Thursday, October 04, 2007

The Liberal Plan to Decriminalize Marijuana is Conceptually Confused

Legalization is sexy and headline grabbing which is the whole point of my last post. Decriminalization is not sexy and it forces the Liberals to talk out of both sides of their mouths. On the one hand the Liberals have long maintained that Canadians should not be saddled with a criminal record for consuming something that is, after all, less harmful than alcohol. It is this light that Chr├ętien famously joked about having a joint in one hand and the money to pay for the fine of having it in the other. “I will have my money for my fine and a joint in my other hand.” On the other hand just as they are downplaying the affects of smoking marijuana they have stressed the importance of stiff penalties for trafficking. In other words, the Liberal policy of decriminalization is inherently incoherent; it is political position; it is an attempt to appeal to both sides of the political divide at the same time. One can not argue for tougher penalties for trafficking, which will inevitably lead one to reference the evils of marijuana, while at the same time arguing for the elimination of possession which will inevitably lead one to reference who harmless marijuana is in the greater scheme of things. Indeed, can you image how ridiculous it would have sounded if this is what Chr├ętien said? “I will have my money for my fine and a joint in my other hand. Having paid my fine I would hope the cops find the person who sold it to me in put him in jail for a very long time.” This is essentially the Liberal’s current position. The problem is that if the act of consumption is not deemed overly ruinous then the whole punitive rationale, not just part, comes crashing down. Add to the mix an acknowledgment that marijuana can serve a medical purpose and you have a conceptual train wreck as a policy.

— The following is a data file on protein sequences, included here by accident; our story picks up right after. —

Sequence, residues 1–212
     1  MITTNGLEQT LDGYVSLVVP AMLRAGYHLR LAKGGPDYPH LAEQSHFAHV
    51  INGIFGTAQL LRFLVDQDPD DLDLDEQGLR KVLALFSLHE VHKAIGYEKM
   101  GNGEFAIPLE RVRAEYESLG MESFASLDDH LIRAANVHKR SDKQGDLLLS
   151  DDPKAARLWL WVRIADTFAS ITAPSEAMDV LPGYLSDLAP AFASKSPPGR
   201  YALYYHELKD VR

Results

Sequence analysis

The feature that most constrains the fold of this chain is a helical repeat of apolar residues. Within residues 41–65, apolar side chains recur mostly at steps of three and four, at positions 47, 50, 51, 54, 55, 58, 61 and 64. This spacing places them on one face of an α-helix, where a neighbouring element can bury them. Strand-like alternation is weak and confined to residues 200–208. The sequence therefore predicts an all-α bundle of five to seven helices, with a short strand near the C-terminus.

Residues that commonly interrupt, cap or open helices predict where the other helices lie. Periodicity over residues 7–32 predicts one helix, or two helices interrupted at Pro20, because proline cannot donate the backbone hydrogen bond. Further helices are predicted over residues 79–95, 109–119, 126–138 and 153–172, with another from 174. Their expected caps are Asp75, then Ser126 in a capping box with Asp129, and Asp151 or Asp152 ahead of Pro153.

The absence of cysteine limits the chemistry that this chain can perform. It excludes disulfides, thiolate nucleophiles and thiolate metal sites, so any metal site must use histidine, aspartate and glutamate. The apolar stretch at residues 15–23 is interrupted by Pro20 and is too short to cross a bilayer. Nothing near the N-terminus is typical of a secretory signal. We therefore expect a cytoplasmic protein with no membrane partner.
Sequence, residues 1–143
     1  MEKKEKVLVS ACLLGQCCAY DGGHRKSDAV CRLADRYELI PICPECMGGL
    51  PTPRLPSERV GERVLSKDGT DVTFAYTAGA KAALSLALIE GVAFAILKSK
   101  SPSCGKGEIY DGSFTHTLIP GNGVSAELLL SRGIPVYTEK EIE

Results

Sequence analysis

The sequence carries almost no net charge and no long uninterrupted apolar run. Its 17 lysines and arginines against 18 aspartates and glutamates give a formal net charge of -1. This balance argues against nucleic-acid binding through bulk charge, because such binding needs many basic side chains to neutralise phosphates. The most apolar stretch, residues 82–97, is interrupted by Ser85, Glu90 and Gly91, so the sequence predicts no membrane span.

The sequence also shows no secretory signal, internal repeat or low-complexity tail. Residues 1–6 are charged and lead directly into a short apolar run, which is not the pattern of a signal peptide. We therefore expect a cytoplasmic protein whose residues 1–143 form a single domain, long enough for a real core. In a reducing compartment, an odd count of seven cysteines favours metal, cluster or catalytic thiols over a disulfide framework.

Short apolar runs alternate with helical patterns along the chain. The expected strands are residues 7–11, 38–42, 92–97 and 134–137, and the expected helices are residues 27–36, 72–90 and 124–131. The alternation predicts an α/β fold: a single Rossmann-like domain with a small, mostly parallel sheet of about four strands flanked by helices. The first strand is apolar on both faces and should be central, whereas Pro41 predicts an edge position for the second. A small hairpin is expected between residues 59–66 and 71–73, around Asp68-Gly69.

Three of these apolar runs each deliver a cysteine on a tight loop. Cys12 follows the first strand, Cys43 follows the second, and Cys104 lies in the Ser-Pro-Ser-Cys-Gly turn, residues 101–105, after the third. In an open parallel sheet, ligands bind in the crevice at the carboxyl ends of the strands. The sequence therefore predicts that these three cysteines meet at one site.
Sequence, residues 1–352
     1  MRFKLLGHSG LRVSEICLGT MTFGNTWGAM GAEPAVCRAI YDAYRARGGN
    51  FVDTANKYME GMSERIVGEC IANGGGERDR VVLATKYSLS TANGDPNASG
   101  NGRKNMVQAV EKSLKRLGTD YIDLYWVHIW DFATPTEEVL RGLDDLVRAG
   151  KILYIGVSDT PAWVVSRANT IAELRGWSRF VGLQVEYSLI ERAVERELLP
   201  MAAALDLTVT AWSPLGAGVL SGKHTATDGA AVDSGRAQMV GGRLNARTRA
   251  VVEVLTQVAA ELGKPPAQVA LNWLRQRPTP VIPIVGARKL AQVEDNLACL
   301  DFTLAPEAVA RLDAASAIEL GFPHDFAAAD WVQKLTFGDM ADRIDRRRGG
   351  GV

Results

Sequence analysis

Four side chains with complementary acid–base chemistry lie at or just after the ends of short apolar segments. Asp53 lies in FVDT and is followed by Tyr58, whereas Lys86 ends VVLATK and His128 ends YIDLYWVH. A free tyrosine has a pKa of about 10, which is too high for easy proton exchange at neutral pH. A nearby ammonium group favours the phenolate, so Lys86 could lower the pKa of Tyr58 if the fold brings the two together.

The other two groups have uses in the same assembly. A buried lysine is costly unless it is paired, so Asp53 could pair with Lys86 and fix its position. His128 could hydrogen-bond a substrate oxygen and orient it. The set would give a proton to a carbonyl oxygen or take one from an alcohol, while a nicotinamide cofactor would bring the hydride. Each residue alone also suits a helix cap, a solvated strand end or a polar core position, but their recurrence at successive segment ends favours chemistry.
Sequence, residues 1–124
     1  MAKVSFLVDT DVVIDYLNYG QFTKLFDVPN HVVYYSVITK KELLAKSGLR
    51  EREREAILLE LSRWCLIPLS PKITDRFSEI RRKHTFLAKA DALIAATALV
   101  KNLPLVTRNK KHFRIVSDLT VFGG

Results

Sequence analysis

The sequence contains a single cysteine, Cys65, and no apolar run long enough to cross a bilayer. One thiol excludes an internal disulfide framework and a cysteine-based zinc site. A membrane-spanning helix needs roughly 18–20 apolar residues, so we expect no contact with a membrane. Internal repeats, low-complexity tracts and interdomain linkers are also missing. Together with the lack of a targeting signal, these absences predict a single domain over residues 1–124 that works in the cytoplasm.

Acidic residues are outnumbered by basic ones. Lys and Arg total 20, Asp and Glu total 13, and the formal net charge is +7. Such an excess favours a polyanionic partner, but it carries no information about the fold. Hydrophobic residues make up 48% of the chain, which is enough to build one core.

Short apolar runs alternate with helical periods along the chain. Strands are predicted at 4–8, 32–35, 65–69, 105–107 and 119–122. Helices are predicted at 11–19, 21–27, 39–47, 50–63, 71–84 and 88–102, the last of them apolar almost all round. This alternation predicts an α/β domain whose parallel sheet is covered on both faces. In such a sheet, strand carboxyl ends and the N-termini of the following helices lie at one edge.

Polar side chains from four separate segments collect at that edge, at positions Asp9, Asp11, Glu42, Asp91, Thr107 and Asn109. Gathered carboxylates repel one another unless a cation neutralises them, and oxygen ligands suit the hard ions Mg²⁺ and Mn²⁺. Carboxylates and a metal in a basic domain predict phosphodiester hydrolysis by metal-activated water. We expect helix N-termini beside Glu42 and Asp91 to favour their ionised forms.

The only good thing to be said about Liberal’s decriminalization policy politically or otherwise is that it could serve as a Trojan horse. Robbed of the ability to charge traffickers with the lesser charge of possession, police may not be able to keep up with the huge number of growers coming onto the market and the whole rotten prohibition edifice may come crashing down. Marc Emery may get his wish. The producers might over grow the system.

Needless to day, the Liberal approach plays right into the Conservatives hands. The Conservatives will argue, checked that they already have argued, that Liberal mixed messaging has real consequences and will repeatedly reference the recent UN report on marijuana use.

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